Travis Green (Photo by Marissa Baecker/Getty Images)
Mike Johnston came into Pittsburgh with a reputation as a WHL titan, but a closer look at his history with the Hawks reveals an interesting snag to that narrative. Perhaps it was the Vancouver Canucks who did their research a little better on that front.
The Mike Johnston era came to an end on the weekend, as Pittsburgh GM Jim Rutherford dismissed the coach after less than a season and a half of duty behind the Penguins bench. During his tenure, Johnston got Pittsburgh to the playoffs and had them in within striking distance to return this season, but a team with Sidney Crosby, Evgeni Malkin and Marc-Andre Fleury cannot simply vie for a spot in the post-season – it should be contending for the Stanley Cup.
This was not the case during Johnston's run and while a lot of the blame is to be shouldered by Rutherford (the Simon Despres trade, so far the Phil Kessel trade, etc.), there's no reason a team with as much talent as Pittsburgh should have one of the worst power plays in the NHL (they currently rank 27th overall) and struggle to score.
So yeah, the hiring was a bust. Perhaps the Penguins didn't do their research deeply enough: Johnston made his name with the WHL's Portland Winterhawks, but there is more to that story than what you'd glean from skimming the surface.
During Johnston's reign as Portland's coach and GM, the Winterhawks were a potent force in major junior. In short order, he took a dead-in-the-water franchise and had the squad in the WHL final by his second full season behind the bench. Portland returned to the final the next season as well. Recruiting was a strong suit, with the team nailing its import selections (Nino Niederreiter, Sven Baertschi) and assembling an incredibly deep lineup overall.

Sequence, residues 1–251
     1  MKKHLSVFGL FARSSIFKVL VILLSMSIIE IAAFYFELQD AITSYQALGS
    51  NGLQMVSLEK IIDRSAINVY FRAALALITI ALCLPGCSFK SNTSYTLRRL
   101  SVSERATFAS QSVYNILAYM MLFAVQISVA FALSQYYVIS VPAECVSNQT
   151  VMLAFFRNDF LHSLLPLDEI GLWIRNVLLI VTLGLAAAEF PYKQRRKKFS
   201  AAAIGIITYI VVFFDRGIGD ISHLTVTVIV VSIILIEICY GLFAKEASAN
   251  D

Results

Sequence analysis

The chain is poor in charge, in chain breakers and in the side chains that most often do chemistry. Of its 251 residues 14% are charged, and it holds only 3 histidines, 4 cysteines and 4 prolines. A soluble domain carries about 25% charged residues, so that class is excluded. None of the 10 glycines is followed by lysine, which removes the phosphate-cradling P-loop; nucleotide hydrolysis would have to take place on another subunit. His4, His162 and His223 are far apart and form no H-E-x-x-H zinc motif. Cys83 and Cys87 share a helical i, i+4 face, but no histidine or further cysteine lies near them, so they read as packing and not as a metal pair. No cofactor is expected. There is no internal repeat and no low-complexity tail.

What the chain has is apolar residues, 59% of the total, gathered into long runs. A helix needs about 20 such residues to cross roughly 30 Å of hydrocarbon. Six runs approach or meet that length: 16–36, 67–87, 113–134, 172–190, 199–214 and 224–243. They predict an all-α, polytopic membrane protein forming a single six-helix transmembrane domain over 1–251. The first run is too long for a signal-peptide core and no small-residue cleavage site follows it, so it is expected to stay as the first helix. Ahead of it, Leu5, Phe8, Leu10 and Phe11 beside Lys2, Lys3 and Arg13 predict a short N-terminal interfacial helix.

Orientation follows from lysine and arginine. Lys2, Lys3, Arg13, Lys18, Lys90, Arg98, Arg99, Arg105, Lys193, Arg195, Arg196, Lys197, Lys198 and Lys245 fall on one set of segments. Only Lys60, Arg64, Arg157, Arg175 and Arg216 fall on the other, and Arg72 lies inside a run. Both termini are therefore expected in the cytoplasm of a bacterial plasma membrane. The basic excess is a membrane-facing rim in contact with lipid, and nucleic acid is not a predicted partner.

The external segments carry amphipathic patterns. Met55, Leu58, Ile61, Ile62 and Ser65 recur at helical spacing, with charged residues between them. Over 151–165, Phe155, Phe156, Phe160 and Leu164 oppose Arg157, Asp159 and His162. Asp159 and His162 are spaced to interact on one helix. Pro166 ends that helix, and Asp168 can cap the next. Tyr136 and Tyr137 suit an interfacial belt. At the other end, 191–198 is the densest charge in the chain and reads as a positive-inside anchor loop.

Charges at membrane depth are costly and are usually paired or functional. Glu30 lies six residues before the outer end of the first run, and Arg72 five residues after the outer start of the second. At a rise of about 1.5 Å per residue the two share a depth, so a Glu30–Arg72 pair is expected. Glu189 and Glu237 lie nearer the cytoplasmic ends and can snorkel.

But then a scandal involving extra perks for players – an overblown scandal, if you ask me – saw Johnston suspended during the 2012-13 campaign. That's when assistant coach Travis Green took over for the rest of the year and that's also the year Portland won the WHL final and played for the Memorial Cup.
Did the presence of future Nashville Predators defenseman Seth Jones help matters? Sure, but the Hawks were stacked in other years, too, with players such as Ryan Johansen, Ty Rattie and Derrick Pouliot.
Green got Portland to the promised land and earned a new head coaching gig with Vancouver's AHL affiliate in Utica for his efforts. Meanwhile, Johnston returned from his suspension the next season – and Portland lost in the final again.
When Johnston came to Pittsburgh, he promised an up-tempo style for the Penguins. He said that his squad would be built for the playoffs. But no playoff team scored fewer goals than Pittsburgh last season and this year it's been even more pop-gun. Oh, and the Pens lost in the first round to the Rangers, scoring just eight goals in five games.
Green, on the other hand, is known for challenging and pushing his players. In just his second year with Utica, he got the Comets to the final of the Calder Cup, one year after they missed the playoffs. And by all accounts, he has really helped develop some of Vancouver's most promising young talents.
Should Pittsburgh have gone for Green instead? It's not a simple binary, but they did reportedly try to get him at one point as an assistant to Johnston. Green wanted to keep his pro options open and it seems like the right move. Now, he's one of the most hyped names for an NHL coaching job, though I have to wonder if Vancouver regards him as their ace in the hole should the Canucks ever part ways with current bench boss Willie Desjardins. Kind of like how Detroit made sure Jeff Blashill was taken care of in AHL Grand Rapids while Mike Babcock was still coaching the Red Wings.
In the meantime, the Pens must look back and figure out what went wrong with the Johnston hiring. Maybe Johnston was just a really good GM in Portland and a decent junior coach. Have the Penguins had good results since Rutherford took over as GM in the summer of 2014? Hmmm…this might not be the time for that can of worms.